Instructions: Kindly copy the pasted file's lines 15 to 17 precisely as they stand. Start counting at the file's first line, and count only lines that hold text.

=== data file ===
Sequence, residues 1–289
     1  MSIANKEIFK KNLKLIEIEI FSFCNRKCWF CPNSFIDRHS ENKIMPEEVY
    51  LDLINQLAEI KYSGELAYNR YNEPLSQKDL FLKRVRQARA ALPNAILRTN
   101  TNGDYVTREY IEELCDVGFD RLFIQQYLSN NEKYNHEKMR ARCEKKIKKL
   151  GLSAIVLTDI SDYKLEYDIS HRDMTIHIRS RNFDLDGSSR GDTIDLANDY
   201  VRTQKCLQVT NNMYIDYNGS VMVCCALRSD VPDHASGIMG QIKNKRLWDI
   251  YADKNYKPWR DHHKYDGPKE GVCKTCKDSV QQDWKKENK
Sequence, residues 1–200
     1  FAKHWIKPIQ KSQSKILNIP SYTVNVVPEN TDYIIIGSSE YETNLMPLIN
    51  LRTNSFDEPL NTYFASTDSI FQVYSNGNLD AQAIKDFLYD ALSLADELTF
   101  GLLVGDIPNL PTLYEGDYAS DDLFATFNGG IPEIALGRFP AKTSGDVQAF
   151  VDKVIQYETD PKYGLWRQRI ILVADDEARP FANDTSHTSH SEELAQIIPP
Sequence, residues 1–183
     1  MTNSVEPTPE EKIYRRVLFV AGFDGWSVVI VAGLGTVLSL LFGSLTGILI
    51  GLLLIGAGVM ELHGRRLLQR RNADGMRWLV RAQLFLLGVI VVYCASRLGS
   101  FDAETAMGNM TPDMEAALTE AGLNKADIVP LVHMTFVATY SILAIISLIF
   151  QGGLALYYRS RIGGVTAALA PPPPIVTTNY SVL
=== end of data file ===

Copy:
    51  GLLLIGAGVM ELHGRRLLQR RNADGMRWLV RAQLFLLGVI VVYCASRLGS
   101  FDAETAMGNM TPDMEAALTE AGLNKADIVP LVHMTFVATY SILAIISLIF
   151  QGGLALYYRS RIGGVTAALA PPPPIVTTNY SVL